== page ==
— Across China on Foot • Edwin Dingle

... early on the morning of the 22d to take advantage of the effect of the night's rest upon our host, and obtained the privilege of a few minutes' conversation. He gave us permission to build in any place we saw fit to select; but before I had fixed upon a place he was again missing. After selecting a place and making the necessary preparations for building, I prepared to return to Maulmain. Until this time our dear sister Macomber had borne ...
— Daughters of the Cross: or Woman's Mission • Daniel C. Eddy

... themselves in the plains. The country in the ranges is as fine a pastoral hill-country as a man would wish to possess; grass to the top of the hills, and abundance of water through the whole of the ranges. I forgot to mention that the nut we found on the south side of the range is not fit to eat; it caused both men to vomit violently. I ate one, but it had no bad effect ...
— Explorations in Australia, The Journals of John McDouall Stuart • John McDouall Stuart

... wrote in pencil. His fountain-pen was as usual on his night table, but pencil seemed the better medium, and he wrote a warm and glowing love-letter that was brought to an end at last by an almost passionate fit of sneezing. He could find no envelopes in his bedroom Davenport, and so he left that honest scrawl under a paper-weight, and went back to bed greatly comforted. He re-read it in the morning with emotion, ...
— The Wife of Sir Isaac Harman • H. G. (Herbert George) Wells

... entered into labour. They are claiming freedom to develop themselves by active participation in that struggle with life and its conditions whereby men have gained their development. From thousands of women to-day the cry is rising, "Give us free opportunity, and the training that will fit us for freedom." Not, as so many have mistakenly thought, that women may compete with men in a senseless struggle for mastery, but in order first to learn, and afterwards to perform, that work in society which they can do better ...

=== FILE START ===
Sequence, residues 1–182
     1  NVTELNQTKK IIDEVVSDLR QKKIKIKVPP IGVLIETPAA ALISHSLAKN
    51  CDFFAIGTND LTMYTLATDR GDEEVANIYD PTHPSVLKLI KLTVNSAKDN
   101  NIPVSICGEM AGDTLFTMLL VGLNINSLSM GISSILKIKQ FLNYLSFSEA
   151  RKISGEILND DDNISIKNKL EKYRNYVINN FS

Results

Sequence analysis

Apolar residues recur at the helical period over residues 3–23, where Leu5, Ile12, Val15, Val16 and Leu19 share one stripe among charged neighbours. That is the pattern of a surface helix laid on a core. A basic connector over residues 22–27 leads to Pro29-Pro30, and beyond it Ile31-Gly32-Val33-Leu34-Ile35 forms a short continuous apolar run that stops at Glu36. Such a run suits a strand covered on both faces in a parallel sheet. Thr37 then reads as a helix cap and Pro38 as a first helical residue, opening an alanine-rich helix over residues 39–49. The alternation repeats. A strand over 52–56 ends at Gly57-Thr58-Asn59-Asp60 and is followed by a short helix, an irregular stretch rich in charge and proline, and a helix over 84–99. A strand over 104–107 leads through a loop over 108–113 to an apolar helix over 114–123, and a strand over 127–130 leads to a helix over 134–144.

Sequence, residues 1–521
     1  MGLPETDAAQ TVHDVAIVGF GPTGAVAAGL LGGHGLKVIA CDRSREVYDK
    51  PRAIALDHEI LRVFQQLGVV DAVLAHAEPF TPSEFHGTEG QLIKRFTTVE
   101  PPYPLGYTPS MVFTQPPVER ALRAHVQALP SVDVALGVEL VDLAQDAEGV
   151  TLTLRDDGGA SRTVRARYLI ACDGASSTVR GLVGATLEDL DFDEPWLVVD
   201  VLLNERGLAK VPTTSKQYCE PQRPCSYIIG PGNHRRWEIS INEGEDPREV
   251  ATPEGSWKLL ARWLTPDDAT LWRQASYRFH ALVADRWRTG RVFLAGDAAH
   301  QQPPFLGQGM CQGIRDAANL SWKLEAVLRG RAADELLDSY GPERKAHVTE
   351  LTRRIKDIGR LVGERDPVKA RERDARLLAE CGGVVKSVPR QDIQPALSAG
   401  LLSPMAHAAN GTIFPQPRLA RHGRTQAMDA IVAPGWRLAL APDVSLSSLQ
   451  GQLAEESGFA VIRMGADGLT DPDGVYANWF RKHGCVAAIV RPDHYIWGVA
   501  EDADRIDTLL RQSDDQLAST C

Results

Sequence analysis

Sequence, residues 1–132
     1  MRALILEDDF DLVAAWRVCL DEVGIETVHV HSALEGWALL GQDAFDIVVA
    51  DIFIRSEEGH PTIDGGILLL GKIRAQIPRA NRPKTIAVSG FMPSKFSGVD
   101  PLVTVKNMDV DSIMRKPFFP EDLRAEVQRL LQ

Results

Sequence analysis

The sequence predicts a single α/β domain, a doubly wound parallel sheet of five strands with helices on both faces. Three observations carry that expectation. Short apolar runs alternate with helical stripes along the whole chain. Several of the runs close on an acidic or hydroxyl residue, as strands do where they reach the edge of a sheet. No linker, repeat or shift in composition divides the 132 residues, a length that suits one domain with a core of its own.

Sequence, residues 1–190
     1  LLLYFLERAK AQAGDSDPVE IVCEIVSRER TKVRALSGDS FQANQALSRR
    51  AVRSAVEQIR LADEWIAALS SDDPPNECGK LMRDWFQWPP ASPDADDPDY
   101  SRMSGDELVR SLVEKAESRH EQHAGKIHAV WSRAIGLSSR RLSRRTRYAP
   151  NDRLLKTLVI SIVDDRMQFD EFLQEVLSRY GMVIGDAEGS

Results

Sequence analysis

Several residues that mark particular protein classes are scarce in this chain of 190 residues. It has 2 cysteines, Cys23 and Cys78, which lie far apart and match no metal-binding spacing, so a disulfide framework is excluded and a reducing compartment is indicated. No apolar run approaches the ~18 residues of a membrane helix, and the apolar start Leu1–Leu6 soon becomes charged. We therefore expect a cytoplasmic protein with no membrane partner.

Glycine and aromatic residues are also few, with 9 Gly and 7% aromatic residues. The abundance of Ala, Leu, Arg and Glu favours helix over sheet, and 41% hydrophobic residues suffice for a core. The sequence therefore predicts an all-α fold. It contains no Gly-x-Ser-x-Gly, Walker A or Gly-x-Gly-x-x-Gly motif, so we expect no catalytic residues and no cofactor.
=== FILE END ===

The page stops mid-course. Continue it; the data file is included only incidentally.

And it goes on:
— The Truth About Woman • C. Gasquoine Hartley

... these days make some such supposition. The alternative is a Utopia of dolls in the likeness of angels—imaginary laws to fit ...
— A Modern Utopia • H. G. Wells

... surgeons long ago. In hospital practice, or in private, where there is every advantage of rest, food, and appliances, such operations will frequently be found suitable where the joint is alone or chiefly the seat of injury, and where the general health seems fit to bear a prolonged suppuration. But long and sad experience has shown that, as a general rule in military practice, with the difficulties of transport, the generally bad sanitary state of the hospitals, ...
— A Manual of the Operations of Surgery - For the Use of Senior Students, House Surgeons, and Junior Practitioners • Joseph Bell

... I believe,' answered Melville. 'Sir John has the commonplace courage of a common soldier, is honest enough, does what he is commanded, and understands what is told him, but is as fit to act for himself in circumstances of importance as I, my dear parson, ...
— Waverley, Or 'Tis Sixty Years Hence, Complete • Sir Walter Scott

... the fireside, if such a one reads this book, lay the book aside, and spend an hour alone with her Lord? Will she, if she is in doubt about His will, wait upon Him to show it to her? Will she ask Him to fit her to obey? "And this I wish to do, this I desire; whatsoever is wanting in me, do Thou, I beseech Thee, ...
— Lotus Buds • Amy Carmichael

... harvest of death has been reaped three times a year! A barbarous war, without object, swallows up the youth torn from their education, from agriculture, commerce, and the arts. Have the tears of mothers and the blood of whole generations thus become the patrimony of kings? It is fit that nations should have a moment's breathing-time; the period has arrived when they should cease to tear out each other's entrails; it is time that thrones should be consolidated, and that our enemies be deprived of the plea that we are ...
— NAPOLEON AND BLUCHER • L. Muhlbach

... coolness that was refreshing, but the Indians, taking advantage of the dusk, crept forward, and began to fire again at the Texans cooped up in the crater. These red sharpshooters had the advantage of always knowing the position of their enemy, while they could shift their own as they saw fit. ...
— The Texan Scouts - A Story of the Alamo and Goliad • Joseph A. Altsheler